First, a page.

changing its phase from that of a heated liquid to a solid, so that the resultant product will be adaptable for service as fondant material in candy manufacture; to provide apparatus of this nature in which the interior of the refrigerantjacketed cylinders or drums, through which the fondant-forming syrup is advanced, are equipped with rotary material-conveying and agitating means, the latter serving simultaneously to beat and cause advancement of the fondant-forming material through the apparatus, to provide a method and apparatus of the character set forth through which the cooling and agitation of a sucrose solution, under controlled flow conditions, are obtained in a manner producing a desired rate of crystallization of the solution in forming quickly and conveniently a candymaking fondant, and to provide generally improved apparatus of this character for expediting, simplifying and providing economies in the art of manufacturing candy confections.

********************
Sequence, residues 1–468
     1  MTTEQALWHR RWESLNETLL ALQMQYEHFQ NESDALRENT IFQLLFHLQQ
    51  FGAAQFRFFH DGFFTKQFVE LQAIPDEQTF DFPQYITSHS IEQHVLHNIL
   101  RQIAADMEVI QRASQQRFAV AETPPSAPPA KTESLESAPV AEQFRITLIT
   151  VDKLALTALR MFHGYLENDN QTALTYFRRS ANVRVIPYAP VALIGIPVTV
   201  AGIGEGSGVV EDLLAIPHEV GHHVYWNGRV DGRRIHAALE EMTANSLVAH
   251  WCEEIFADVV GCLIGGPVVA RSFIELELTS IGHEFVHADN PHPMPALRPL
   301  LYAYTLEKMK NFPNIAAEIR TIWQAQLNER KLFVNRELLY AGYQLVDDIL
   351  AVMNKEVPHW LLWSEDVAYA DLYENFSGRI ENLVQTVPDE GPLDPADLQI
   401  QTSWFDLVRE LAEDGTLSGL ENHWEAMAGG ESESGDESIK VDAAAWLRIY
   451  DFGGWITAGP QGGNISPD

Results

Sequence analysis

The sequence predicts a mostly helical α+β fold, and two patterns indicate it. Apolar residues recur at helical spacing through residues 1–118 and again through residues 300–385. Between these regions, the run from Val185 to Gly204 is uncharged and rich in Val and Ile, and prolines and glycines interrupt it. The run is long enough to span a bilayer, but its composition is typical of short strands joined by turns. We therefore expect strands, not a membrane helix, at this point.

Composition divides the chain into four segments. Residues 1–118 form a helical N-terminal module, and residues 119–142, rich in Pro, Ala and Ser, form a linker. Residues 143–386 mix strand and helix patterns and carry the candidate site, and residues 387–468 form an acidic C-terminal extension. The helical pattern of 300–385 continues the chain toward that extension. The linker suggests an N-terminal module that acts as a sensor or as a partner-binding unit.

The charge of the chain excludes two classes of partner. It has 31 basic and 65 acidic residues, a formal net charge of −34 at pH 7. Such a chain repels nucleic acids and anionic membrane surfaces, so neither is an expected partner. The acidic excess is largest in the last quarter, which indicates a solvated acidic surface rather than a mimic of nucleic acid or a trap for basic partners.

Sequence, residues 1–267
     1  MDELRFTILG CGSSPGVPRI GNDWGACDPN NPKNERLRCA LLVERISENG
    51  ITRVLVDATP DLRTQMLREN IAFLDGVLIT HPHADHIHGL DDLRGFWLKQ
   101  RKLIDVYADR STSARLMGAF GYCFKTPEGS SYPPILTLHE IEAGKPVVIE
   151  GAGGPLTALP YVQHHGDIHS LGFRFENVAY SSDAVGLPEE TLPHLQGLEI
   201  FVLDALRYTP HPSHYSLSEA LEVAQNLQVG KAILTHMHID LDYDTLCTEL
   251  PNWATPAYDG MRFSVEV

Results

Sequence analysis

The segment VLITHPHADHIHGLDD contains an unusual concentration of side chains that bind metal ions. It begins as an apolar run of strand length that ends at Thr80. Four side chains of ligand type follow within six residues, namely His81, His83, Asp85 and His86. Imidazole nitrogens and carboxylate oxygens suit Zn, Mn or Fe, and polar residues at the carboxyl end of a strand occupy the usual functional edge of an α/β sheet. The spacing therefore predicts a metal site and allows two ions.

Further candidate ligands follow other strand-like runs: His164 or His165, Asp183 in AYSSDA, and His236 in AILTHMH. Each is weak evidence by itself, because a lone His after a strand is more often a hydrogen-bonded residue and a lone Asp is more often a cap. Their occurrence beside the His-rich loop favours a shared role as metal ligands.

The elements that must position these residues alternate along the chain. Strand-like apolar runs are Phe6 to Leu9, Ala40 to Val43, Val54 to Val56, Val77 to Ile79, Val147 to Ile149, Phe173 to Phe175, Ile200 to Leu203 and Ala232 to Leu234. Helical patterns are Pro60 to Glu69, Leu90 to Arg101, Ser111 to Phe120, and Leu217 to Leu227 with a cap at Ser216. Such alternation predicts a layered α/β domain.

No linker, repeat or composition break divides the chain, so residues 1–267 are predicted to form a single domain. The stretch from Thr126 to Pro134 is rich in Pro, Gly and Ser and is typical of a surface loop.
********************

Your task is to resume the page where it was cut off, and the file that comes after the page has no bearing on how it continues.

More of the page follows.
With these and other objects in view, which will appear as the description proceeds, the invention consists in the novel features of construction, combinations of elements, and arrangements of parts, hereinafter more fully described and pointed out with particularity in the following claim.
In the drawings:
Fig. l is a view in side elevation of the syrupcooling, solidifying and mixing apparatus comprising the present invention;
Fig. 2 is a front elevational view thereof;
Fig. 3 is a vertical longitudinal sectional view, taken through the cooling, conveying and mixing cylinders of the apparatus forming the present invention;
Fig. 4 is a transverse vertical sectional view, partly in end elevation, of my improved apparatus;
Fig. 5 is a front elevational view of one of the mixing and conveying disks;
Fig. 6 is a front elevational view of the disk.
In the specific form of the invention illustrated in the accompanying drawings, apparatus useful in carrying out the present invention has been disclosed. This apparatus, however, is subject to certain mechanical variation or modification within the scope of the invention and should be considered as illustrative of but one of several possible embodiments. In the drawings, the numeral I designates a stationary frame structure, the latter including spaced vertical uprights 2 which, adjacent to the top thereof, are joined with horizontally disposed members, indicated at 3 and 4.